by Simon Spurrier (Writer), Tan Eng Huat, Craig Yeung (Artists), Jose Villarrubia (Colorist)

The Story
: In custody of S.W.O.R.D., David gets a ”the reason you suck” speech by a cosmic entity.

The Review: One has to admire the willingness of Simon Spurrier to be unconventional. With books like Six-Gun Gorilla, his part in the Trifecta crossover in 2000AD and his webcomic Disenchanted, he seems to have a knack to go for what people might not expect, be it with the setting, the concepts and how everything mesh together. While being original isn’t always a sure thing when it comes to actual quality, being such is always something nice to behold.

His tenure on X-Men Legacy could certainly count as well, as Spurrier shows the mutant corner of the Marvel universe in a whole new light, with David Haller as a protagonist, one that has never been actually popular to begin with. With his story unfolding with every months, Spurrier keep his readers guessing as he seems to be unable to keep a status quo for his story, which can be a blessing as it can be a curse sometimes. However, the latest issue wasn’t certainly the greatest as it tried to precipitate events a bit fast in order to advance his story. Does this issue take advantage of this setup to properly advance its themes and story, though?

It actually does, much to this issue’s benefit, as not only Spurrier manage to bring in a certain retrospective and different vision of events past, but he also manage to provide some new concepts and ideas to his tale as well. The use of Aarkus, a villain that had been introduced in the story in issue 9, Spurrier manages to bring in a different way to envision David’s action through a bigger picture, peppering it with a tinge of grudge as well. The whole concept of cosmic trial is a sound one, as not only does Spurrier bring in past threads, but he uses them to go ahead with his story.

Doing so, Spurrier uses this to go ahead with two narratives at the same time, giving readers a focus on David and Aarkus as he alters between both their point-of-view. It’s a tricky way to advance the story, yet Spurrier does manage to present both threads without any being in the way of the other, creating some sort of controlled chaos amidst his narrative. Creating a cosmic, yet personal story is not something we see every day, which does play in how Spurrier does things usually.

Despite all of this, Spurrier does stumble a bit with some elements, namely the inclusion of some characters and details that don’t seem to really do anything besides produce some jokes or anything that push the themes of the comics forward. While the fact that Abigail Brand is in the comic, along with her assistant Sydren, is a nice touch, her presence doesn’t do much for the story presented. She opens up the issue by giving some exposition, gives some funny lines here and there, but she doesn’t do much in the whole dialogue between Aarkus and David, beside standing on the side. It does feel a bit like a missed opportunity as she is certainly the type of character that Spurrier could work wonder with.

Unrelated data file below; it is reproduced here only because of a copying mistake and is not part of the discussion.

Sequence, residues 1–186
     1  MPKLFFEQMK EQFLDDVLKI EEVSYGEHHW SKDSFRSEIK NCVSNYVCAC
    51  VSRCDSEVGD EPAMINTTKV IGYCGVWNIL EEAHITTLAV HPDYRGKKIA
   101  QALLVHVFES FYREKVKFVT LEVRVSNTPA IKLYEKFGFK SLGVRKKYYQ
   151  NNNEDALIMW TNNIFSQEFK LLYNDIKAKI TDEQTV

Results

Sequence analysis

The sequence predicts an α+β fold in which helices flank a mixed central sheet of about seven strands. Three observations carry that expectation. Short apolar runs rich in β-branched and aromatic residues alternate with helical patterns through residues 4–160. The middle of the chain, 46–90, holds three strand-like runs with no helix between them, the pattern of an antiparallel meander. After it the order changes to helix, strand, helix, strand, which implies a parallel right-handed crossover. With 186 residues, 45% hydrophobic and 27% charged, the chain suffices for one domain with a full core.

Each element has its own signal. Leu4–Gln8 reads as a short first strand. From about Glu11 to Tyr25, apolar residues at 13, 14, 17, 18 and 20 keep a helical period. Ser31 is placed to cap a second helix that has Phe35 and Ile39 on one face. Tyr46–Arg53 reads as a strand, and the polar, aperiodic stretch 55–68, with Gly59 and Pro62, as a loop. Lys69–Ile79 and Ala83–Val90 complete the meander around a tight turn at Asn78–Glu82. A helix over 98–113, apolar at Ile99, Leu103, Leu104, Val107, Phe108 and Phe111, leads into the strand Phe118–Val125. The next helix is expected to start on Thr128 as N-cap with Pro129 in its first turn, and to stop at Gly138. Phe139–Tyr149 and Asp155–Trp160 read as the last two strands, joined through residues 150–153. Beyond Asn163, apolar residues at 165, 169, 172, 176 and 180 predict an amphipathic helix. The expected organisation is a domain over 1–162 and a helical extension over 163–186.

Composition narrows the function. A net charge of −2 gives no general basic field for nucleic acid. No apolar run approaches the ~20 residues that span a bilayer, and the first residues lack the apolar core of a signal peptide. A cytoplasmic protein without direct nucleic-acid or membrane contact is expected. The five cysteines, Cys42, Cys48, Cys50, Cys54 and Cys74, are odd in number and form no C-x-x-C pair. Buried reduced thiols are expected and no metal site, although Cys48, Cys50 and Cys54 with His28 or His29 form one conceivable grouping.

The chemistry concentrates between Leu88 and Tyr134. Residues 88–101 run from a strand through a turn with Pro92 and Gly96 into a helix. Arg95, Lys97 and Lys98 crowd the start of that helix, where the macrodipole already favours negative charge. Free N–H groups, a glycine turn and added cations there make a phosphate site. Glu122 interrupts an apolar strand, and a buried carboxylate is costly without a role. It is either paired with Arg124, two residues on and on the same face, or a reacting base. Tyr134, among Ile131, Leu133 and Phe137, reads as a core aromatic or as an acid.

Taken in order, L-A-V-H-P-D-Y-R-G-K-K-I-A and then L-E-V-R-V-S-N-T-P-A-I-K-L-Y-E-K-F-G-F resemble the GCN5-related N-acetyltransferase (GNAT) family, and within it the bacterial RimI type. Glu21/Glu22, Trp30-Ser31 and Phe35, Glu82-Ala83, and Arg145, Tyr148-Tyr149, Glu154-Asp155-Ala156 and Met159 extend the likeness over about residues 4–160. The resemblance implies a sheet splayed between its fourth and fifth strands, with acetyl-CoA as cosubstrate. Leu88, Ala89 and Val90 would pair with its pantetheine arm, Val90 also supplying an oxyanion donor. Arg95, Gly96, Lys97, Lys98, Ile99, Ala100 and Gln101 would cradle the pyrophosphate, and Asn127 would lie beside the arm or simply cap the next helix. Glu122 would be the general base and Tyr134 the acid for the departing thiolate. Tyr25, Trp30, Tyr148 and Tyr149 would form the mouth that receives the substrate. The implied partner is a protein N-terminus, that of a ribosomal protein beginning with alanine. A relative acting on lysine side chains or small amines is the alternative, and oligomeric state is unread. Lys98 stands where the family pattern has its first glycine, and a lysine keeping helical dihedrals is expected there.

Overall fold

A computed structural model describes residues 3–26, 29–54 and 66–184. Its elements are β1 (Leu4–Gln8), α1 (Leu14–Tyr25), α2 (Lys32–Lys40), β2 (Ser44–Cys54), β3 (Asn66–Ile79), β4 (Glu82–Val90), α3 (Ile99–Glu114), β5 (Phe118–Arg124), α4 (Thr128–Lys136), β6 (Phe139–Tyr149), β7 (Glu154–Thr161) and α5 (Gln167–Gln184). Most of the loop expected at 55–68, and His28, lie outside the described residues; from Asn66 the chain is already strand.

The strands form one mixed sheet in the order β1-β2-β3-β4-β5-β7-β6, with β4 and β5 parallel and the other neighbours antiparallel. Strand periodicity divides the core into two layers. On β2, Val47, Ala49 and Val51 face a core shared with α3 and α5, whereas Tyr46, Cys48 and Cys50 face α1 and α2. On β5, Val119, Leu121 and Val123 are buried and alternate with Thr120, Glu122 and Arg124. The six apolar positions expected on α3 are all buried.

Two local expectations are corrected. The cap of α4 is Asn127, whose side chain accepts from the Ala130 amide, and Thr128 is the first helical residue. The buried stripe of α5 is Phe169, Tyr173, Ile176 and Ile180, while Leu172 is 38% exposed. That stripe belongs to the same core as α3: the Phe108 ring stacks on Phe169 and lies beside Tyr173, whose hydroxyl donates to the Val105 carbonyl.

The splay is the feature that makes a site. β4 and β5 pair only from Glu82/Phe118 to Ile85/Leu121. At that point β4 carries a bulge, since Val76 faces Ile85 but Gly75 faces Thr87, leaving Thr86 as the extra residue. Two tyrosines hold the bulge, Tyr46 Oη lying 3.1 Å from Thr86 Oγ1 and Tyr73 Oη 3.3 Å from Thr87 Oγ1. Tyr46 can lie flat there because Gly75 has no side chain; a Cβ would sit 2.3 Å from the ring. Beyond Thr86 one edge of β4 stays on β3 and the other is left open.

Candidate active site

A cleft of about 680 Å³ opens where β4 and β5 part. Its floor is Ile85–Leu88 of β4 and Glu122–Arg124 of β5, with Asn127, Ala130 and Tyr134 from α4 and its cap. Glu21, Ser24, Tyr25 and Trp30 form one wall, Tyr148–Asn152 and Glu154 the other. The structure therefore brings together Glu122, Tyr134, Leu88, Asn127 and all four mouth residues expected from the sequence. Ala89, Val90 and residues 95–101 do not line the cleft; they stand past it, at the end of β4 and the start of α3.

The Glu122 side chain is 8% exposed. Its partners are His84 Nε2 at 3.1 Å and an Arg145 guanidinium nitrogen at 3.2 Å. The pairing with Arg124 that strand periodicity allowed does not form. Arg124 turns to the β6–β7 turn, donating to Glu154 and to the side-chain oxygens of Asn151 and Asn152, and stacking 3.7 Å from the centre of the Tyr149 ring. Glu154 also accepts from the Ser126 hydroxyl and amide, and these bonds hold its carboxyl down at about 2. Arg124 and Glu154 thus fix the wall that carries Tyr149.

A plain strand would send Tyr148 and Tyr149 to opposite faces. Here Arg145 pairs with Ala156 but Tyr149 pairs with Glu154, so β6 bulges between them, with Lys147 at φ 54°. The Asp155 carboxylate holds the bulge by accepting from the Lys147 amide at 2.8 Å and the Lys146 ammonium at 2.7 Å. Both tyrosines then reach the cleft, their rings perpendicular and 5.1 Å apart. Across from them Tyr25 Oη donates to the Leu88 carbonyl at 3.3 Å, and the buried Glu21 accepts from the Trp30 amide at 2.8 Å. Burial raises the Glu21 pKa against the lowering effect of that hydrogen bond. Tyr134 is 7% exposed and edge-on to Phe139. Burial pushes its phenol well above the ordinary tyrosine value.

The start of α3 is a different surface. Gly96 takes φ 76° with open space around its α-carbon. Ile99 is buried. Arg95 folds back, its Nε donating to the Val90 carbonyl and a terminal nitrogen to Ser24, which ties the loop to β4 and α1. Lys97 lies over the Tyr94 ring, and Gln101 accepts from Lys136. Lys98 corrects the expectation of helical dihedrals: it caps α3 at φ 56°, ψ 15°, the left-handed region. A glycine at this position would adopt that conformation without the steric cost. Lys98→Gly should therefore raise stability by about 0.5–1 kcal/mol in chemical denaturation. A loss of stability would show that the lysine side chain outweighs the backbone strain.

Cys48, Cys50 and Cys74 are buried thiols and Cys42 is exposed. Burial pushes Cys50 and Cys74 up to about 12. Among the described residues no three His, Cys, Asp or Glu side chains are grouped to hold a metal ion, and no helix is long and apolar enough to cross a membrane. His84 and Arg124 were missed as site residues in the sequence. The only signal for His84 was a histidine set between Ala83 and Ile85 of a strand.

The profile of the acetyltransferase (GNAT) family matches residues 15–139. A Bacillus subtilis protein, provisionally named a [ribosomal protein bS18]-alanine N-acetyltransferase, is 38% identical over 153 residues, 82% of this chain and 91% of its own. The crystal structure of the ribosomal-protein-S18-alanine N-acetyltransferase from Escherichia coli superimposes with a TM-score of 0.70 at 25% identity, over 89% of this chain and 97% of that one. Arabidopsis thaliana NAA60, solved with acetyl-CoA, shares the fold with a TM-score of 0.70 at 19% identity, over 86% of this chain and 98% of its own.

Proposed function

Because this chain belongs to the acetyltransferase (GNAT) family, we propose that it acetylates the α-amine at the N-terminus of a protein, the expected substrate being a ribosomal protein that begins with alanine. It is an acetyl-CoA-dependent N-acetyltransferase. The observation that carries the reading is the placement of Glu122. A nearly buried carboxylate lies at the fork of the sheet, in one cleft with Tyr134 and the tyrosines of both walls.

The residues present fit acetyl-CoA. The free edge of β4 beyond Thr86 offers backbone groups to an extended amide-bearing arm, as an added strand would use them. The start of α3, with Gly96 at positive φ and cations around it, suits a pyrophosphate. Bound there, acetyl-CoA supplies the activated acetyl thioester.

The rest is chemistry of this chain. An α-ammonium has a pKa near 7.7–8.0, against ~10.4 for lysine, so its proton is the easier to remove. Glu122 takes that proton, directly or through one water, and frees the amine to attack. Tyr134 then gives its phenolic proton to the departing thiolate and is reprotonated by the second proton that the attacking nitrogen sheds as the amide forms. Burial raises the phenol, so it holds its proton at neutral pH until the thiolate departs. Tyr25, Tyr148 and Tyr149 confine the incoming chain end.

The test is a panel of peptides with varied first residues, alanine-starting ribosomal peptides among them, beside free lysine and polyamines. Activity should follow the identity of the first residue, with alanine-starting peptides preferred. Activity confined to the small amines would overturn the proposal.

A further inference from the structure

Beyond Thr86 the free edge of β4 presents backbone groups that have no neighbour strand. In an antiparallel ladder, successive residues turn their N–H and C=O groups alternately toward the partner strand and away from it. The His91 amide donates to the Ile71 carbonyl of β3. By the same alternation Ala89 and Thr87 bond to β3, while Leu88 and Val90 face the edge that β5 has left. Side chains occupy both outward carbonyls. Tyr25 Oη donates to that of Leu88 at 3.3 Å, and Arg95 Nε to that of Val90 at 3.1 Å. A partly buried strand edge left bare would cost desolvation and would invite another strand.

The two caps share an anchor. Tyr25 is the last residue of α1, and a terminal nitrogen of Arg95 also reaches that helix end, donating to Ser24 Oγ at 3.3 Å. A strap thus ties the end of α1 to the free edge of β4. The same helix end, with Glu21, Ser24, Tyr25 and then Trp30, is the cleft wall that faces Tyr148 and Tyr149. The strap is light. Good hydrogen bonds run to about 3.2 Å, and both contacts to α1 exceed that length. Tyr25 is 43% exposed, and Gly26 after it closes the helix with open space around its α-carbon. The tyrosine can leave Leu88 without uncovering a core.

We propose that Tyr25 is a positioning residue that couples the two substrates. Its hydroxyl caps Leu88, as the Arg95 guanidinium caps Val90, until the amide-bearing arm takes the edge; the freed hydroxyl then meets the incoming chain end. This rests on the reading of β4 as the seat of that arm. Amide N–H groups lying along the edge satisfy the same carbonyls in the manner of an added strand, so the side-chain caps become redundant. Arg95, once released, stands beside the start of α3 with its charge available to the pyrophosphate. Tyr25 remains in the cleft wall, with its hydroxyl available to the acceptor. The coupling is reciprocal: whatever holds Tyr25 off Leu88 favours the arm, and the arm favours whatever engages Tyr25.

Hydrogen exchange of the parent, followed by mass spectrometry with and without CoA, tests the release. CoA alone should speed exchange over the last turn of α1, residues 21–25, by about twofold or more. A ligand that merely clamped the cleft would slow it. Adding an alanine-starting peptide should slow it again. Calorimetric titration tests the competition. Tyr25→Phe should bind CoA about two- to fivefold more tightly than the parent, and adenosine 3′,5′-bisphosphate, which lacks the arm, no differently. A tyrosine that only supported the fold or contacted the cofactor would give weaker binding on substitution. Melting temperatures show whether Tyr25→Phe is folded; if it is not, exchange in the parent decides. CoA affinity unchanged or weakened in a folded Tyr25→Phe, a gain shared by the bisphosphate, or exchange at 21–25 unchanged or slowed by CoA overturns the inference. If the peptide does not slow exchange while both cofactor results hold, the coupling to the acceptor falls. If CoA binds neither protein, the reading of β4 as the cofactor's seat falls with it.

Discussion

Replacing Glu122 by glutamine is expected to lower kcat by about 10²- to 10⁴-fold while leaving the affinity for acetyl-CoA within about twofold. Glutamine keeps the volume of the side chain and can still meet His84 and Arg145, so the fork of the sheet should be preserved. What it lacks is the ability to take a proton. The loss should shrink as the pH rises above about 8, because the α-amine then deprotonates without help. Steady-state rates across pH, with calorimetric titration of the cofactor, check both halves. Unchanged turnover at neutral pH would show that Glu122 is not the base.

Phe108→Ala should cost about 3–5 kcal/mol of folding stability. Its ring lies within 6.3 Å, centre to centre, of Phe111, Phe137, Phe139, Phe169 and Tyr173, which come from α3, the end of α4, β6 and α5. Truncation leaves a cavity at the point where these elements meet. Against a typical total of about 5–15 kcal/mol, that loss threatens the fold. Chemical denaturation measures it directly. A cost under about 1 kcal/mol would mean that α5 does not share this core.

If there are people that are working wonderfully here though, it’s Tan Eng Huat and Craig Yeung, who brings the controlled chaos visually on the pages. While the characters of Huat aren’t exactly the most graceful in term of details and anatomy, there is no denying that he is able to convey the right emotions despite the apparent ugliness of some of his humanoid characters. Where he shines more is in the weirder elements, those that aren’t traditional by any means, like cosmic monstrosities, aliens, bizarre landscapes and so forth. Thankfully for him, the script provide plenty of opportunity for him to play to his strengths, as Aarkus along with many bizarre and chaotic designs are rendered in the pages, with Huat seemingly taking joy in creating chaos on every panel without destroying the narrative flow. The way he draws energy along with the way he alternate between both point-of-views makes the visual pacing good despite the clash between the two presentations, with one being down-to-Earth while the other is lost in the cosmos. It could have been a tricky issue, yet both Huat and Yeung rise up to the challenge admirably despite some of their flaws.

Another person that does admirably is Jose Villarrubia, who uses some very basic contrast technique to help differentiate both threads. Using warm colors like pink with David Haller and colder one with Aarkus, Villarrubia help the readers in settling down with the chaos in each pages, yet does not restrict himself to these primary colors. Still using a rich and diverse palette despite the basic colors being put to the forefront, he is able to differentiate various elements in order to enhance the visual of Tan Eng Huat.

The Conclusion
: Experimenting a bit with the narrative while moving the book forward, the creative team of Spurrier, Huat, Yeung and Villarrubia manage to give a thoroughly satisfying issue that plays with each of their strengths. A very nice issue overall.

Grade: B+

-Hugo Robberts Larivière